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Pryor and the politics of provincialism 

Provincialism — that sense that Arkansans have limited use for the world beyond Arkansas's borders — has been a defining characteristic of the state's politics and society for its entire existence. Territorial Gov. John Pope characterized it as "a terrified truculence toward new ideas from outside." More recently, provincialism has shaped the political careers of a father and son named Pryor who have achieved statewide success. As Mark Pryor's public statements and advertising blitz in recent days have shown, he intends to ride the sentiment through one more election in 2014.

In the most devastating event of his political career, David Pryor lost a race for the U.S. Senate in 1972 primarily as a result of veteran U.S. Sen. John McClellan hammering Pryor on campaign contributions from outside labor unions. Just two nights before the runoff vote that would propel McClellan to an upset win, the veteran senator ridiculed Pryor's contention that Arkansans had dipped into their cookie jars to send him small donations. McClellan closed the debate: "This is no cookie jar nickels and dimes. ... Big, out-of-state contributions to Pryor. They total $79,877.16. ... Yes, that's a cookie jar — quite a cookie jar indeed."

With this lesson learned about the potency of provincialism in Arkansas campaigns, David Pryor turned the tables on Congressman Jim Guy Tucker in a U.S. Senate runoff election six years later. Pryor hammered Congressman Jim Guy Tucker for his lack of allegiance to "those values we treasure in Arkansas." "Almost three-quarters of the time," Pryor's closing ads trumpeted, "Jim Guy Tucker disagreed with his fellow Southerners and voted with Northern liberals in Congress ..." Pryor won the primary handily to capture McClellan's seat.

As he followed his father to the Senate in 2002, Mark Pryor employed the same tactics. The first Pryor ad in that race against Sen. Tim Hutchinson closed with him raising the plaque from his father's Senate office desk, saying, "Arkansas Comes First." It was to be the mantra for the Pryor campaign. As the fall campaign began, the state Democratic Party began a series of ads that was the second punch in Pryor's provincialist strategy. All carried the tagline "Washington Has Changed Tim Hutchinson." A focus on Hutchinson's "change" meant making the case that a "callous" Hutchinson, who had voted against federal programs popular in the state, was "not one of us." Of course, the attacks on Hutchinson's "change" also served as a double entendre with an eye to the Republican's divorce. These skillfully choreographed messages allowed Mark Pryor to stay positive and parochial while his allies echoed the parochial and poked subtly at the personal.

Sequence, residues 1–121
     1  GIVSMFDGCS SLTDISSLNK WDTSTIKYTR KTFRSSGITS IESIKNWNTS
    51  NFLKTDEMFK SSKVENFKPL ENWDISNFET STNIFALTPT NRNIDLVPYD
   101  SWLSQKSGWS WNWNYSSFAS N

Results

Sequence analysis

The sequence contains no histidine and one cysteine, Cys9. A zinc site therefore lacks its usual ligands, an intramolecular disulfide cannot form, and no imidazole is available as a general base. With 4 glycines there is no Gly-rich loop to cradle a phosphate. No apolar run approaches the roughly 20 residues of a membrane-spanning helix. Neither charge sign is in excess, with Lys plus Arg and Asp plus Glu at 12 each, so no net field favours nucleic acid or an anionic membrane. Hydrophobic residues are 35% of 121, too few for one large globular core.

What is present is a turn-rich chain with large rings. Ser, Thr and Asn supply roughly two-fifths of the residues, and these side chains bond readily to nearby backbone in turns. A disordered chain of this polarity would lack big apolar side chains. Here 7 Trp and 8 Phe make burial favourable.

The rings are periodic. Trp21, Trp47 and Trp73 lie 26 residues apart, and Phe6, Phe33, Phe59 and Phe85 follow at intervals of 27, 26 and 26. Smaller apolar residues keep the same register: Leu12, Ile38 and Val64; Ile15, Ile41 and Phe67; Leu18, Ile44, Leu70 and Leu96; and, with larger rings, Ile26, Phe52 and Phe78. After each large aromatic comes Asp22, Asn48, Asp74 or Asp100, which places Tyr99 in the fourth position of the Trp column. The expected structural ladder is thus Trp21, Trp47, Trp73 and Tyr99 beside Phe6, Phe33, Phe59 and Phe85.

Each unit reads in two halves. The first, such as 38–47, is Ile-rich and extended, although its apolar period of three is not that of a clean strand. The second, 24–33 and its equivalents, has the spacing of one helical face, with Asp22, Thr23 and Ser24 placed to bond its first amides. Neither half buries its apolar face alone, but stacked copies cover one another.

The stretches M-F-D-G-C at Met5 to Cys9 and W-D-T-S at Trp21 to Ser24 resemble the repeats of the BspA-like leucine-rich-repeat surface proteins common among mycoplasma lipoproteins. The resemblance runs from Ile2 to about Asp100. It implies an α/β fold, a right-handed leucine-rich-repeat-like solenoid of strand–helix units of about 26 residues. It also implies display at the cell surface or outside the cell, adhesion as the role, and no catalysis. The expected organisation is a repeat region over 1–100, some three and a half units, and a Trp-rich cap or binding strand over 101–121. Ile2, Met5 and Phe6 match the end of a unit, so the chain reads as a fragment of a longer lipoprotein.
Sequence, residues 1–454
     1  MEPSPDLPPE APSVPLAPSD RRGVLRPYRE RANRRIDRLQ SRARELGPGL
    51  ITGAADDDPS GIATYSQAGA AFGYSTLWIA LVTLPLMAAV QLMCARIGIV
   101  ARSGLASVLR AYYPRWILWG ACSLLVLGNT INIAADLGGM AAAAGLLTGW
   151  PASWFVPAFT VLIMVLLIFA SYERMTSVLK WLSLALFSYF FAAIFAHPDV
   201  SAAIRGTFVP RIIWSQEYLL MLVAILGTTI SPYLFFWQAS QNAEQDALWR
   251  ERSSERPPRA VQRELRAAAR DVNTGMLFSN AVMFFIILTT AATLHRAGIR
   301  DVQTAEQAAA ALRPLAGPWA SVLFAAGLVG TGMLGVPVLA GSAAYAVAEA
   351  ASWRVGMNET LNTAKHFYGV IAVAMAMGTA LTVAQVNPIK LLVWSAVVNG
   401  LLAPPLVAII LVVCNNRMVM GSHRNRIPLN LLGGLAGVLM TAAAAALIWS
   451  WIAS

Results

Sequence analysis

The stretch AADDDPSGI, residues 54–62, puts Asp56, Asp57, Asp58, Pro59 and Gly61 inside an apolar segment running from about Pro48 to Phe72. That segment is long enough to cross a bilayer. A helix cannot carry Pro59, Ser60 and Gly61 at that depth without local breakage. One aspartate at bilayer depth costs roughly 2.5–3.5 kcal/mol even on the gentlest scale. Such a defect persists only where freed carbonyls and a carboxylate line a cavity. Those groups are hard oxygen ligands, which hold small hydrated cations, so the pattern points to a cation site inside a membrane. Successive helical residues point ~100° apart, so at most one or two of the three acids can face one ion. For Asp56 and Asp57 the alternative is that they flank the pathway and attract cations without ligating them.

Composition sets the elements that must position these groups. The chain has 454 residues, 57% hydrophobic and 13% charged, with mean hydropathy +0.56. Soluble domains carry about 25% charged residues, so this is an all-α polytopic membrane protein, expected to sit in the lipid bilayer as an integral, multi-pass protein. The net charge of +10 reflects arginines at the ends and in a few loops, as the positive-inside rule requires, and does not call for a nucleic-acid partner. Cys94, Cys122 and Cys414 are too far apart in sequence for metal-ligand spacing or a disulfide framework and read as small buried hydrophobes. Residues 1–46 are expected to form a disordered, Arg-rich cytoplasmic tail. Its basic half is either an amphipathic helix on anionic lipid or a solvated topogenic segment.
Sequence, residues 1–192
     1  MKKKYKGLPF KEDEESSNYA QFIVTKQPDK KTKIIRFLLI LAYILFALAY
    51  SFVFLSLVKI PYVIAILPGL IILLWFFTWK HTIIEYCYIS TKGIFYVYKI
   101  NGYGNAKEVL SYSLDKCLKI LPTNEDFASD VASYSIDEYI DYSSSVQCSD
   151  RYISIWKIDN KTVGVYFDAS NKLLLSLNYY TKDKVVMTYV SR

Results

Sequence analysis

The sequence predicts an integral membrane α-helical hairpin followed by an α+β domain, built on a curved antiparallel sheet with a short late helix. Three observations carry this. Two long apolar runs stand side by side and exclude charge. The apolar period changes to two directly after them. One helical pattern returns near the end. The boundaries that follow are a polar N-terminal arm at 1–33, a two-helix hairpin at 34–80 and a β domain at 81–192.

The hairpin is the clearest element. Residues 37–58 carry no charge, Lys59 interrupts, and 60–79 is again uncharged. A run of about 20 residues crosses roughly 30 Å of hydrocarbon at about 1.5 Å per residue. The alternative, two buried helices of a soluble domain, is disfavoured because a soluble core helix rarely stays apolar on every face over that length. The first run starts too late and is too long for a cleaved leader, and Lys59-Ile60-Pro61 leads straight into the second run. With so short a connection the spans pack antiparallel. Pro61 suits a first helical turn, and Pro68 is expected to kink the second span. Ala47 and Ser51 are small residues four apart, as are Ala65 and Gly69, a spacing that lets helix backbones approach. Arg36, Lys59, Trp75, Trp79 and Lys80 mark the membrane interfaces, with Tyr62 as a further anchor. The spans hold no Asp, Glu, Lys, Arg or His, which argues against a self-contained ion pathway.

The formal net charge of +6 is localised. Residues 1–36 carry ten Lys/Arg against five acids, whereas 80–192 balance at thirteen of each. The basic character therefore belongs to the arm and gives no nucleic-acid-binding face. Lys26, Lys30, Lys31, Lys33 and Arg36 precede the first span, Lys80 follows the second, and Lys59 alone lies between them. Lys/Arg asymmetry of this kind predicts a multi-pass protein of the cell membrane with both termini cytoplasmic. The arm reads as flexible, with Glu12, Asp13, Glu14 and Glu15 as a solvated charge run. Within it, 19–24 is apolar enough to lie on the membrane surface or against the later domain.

In a race destined to be the toughest fight of Pryor's Senate career, the younger Pryor has returned to familiar turf in responding to attack ads from both the right and left in recent days. Using New York Mayor Michael Bloomberg (the primary funder of a large-scale advertising buy focused on Pryor's vote against expanded background checks for gun buyers) as a foil, Pryor opened his campaign with an attack on the outsider's attempts to influence Arkansas politics: "I approve this ad because no one from New York or Washington tells me what to do," he concludes. "I listen to Arkansas." The attacks from the right have centered on Pryor's votes for the passage of Obamacare. Here, too, Pryor has played the Arkansas card by attaching himself to the unique "private option" plan for expanding health access.

While Pryor is once again playing the politics of provincialism that is in his political DNA and has served him, his father and others so well over the years, the world has changed from the days when folks actually believed that Arkansas was the only state that could survive if a fence were built around it to prevent anything from coming in or going out. While more provincial than most places, Arkansans now recognize their innerconnectedness with the rest of the country and world and the value of those connections. Moreover, from Bill Clinton's presidency to the reshaping of Arkansas politics by the Obama presidency, the state's politics have proved newly permeable to outside forces. While Arkansas may still "come first," we now regularly see elections where national tides overwhelm such parochial interests. It may be the most promising script available to Pryor, but it's less potent than at any point in the state's history.

Max Brantley is on vacation.

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